The unexamined diversity in the 'Coral Triangle'
Research on zoantharians, a group of animals related to corals and anemones, by researchers James Reimer of the University of the Ryukyus in Okinawa, Japan, Angelo Poliseno of Universita Politecnica delle Marche in Italy, and Bert Hoeksema from Naturalis Biodiversity Center, Netherlands, has demonstrated how little we know about marine diversity in the so-called "center of marine biodiversity" located in the central Indo-Pacific Ocean. The study was published in the open access journal ZooKeys.
The researchers utilized previously collected specimens from Indonesia, the Philippines, Malaysia, and Papua New Guinea, combined with field images from Dr. Hoeksema to examine species of Zoantharia, marine cnidarians commonly found in shallow subtropical and tropical oceans throughout the world. The study was published in the open access journal ZooKeys.
"The central Indo-Pacific is commonly called the "Coral Triangle" due to its high hard coral diversity, in fact the highest in the world" said Reimer, "but in fact for many groups of marine animals we really have little concrete information on diversity, or numbers of species, in this region."
Previous research included brief reports on a few species of Zoantharia, but until now no formal attempts had been made to list species from this region. Surprisingly, of the 24 potential species identified by the researchers, at least 9 are undescribed.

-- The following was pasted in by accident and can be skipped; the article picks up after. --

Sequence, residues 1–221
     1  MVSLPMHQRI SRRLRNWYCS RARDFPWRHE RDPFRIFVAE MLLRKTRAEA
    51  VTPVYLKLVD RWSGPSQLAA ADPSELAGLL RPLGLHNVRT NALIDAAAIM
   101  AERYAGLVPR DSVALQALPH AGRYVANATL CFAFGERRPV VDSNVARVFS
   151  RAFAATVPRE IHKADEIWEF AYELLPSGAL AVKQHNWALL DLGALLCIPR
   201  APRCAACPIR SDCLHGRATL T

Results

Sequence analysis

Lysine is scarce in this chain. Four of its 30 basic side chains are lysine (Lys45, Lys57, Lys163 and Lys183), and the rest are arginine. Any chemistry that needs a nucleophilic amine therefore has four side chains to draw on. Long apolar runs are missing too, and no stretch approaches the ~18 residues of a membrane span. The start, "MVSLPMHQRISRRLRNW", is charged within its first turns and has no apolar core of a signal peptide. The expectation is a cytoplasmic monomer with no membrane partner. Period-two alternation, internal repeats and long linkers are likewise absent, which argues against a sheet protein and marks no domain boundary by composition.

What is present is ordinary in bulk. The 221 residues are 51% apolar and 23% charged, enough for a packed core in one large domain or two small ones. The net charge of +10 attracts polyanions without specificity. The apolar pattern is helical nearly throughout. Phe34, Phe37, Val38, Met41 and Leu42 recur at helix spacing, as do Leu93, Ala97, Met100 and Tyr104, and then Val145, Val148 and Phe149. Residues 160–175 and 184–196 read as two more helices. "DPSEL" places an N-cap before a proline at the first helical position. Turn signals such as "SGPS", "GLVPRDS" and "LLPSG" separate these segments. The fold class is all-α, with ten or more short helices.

Much of the work was performed by Dr. Reimer in the Netherlands in 2012, when he visited the Naturalis Museum and Dr. Hoeksema to examine their Zoantharia collection. "What struck me as particularly amazing was the fact that Naturalis housed over 600 Zoantharia specimens collected over the years, and in many cases, even specimens from 1930 had not yet been formally examined," stated Reimer. "This research demonstrates the real importance of museum collections, as well as the lack of expert researchers for many taxonomic groups."
"Unfortunately, for many regions of the world, we are only just beginning to examine diversity, despite some of these areas being among the most threatened," added Reimer. It is hoped future specimen collections will allow further analyses and formal descriptions of these previously unreported species.